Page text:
Chris details the power outages around the suburbs brought on by yesterdays storm and former American Idol contestant, Clay Aikens run for Congress. He talks to meteorologist Joe Bastardi and Senator Pat Toomey.
Wednesday’s storm is now officially the second most damaging and the worst winter storm in PECO’s history.
A coating of ice is creating a lot of trouble all throughout the Delware Valley.
As of 1:30pm Wednesday, the utility listed about 624,000 homes and businesses without electricity.
Out with the old, in with the new. Unfortunately, that’s in reference to snow storms here.
Thousands of power outages have been reported in the Philadelphia area due to the wintry weather.
First comes the frigid cold, then comes the big utility bills. If you haven’t received a larger than normal heating bill this winter, it’s probably coming. 3 On Your Side Consumer Reporter Jim Donovan tells us about simple things you can do to keep costs under control.
If you’ve driven the Vine Street Expressway and parts of the Schuylkill after sunset over the past couple months, you might have noticed fewer lights along the way.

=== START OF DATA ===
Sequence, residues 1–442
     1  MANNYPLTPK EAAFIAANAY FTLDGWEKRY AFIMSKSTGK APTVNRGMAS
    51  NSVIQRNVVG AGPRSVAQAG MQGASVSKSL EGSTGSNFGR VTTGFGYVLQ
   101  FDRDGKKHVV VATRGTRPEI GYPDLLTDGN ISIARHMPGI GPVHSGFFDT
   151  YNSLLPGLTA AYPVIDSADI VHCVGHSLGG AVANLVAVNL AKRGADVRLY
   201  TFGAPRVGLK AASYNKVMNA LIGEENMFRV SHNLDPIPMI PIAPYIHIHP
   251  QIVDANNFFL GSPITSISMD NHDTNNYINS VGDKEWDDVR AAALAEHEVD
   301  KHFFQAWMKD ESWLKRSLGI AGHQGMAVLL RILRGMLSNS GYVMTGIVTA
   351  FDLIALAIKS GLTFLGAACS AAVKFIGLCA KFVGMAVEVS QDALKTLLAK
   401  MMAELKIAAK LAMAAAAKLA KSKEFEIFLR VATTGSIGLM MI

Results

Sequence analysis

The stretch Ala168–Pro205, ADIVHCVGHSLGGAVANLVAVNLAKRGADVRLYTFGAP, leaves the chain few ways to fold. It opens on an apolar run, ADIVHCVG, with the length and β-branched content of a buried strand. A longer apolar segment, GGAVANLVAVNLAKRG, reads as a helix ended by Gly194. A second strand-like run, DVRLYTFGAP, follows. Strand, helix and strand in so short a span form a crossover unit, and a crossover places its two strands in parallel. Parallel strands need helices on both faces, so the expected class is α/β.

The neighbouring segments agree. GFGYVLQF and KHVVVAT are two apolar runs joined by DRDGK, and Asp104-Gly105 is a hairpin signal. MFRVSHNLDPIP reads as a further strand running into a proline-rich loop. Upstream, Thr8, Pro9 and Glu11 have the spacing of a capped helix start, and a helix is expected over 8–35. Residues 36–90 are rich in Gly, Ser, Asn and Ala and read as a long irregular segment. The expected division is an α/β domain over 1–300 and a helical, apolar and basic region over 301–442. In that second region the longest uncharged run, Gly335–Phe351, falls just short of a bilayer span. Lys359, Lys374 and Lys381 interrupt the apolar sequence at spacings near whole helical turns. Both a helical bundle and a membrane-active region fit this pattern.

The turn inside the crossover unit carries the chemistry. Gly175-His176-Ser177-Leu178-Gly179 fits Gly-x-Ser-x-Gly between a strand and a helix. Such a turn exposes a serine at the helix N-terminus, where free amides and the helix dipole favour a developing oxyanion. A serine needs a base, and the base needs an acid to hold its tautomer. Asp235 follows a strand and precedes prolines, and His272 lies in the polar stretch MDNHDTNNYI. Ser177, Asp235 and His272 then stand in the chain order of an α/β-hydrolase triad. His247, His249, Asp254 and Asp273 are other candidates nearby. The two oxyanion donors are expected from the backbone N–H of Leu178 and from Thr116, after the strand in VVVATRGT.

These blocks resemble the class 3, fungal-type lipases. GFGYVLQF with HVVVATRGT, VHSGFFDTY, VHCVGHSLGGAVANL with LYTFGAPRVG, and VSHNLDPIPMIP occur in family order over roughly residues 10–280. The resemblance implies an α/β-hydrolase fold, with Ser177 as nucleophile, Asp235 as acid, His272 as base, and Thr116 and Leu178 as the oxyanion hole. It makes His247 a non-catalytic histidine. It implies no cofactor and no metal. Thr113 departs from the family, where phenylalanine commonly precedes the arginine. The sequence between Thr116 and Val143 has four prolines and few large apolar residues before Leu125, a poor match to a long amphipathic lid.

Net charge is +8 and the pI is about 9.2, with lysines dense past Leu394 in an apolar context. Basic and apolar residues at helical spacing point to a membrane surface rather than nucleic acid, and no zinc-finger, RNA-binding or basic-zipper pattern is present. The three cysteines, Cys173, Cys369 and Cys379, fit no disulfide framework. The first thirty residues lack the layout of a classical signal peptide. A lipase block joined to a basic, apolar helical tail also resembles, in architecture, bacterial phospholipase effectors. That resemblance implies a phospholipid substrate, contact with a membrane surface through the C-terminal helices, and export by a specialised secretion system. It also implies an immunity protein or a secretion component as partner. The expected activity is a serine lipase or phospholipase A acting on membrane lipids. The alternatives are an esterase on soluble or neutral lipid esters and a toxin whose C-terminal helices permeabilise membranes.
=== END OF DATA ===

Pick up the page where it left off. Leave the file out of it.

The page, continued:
Crews are responding to 19th and Spruce Streets in Philadelphia where a transformer has exploded.
This weekend’s winter storm came and went, but not before it left behind some tricky travel conditions.
Winter in Philadelphia can be downright bone-chilling, but don’t let plummeting temperatures translate into soaring expenses when it comes to heating your home. Try some of these expert-recommended ideas to save on the cost of staying warm during those cold winter months.
At Franklin Square, PECO workers and volunteers were busy Tuesday getting the park ready for the holidays.
PECO reported the outage in the area of Gravel Road and Street Road in Southampton during the morning hours.
A debate is heating up over whether to reauthorize Pa. Act 201, a law that gives utilities the authority to shut off heat and electricity during the winter for all but the poorest of the poor.
Mayor Nutter presided as local firms signed what he called the “Philadelphia Jobs Compact.”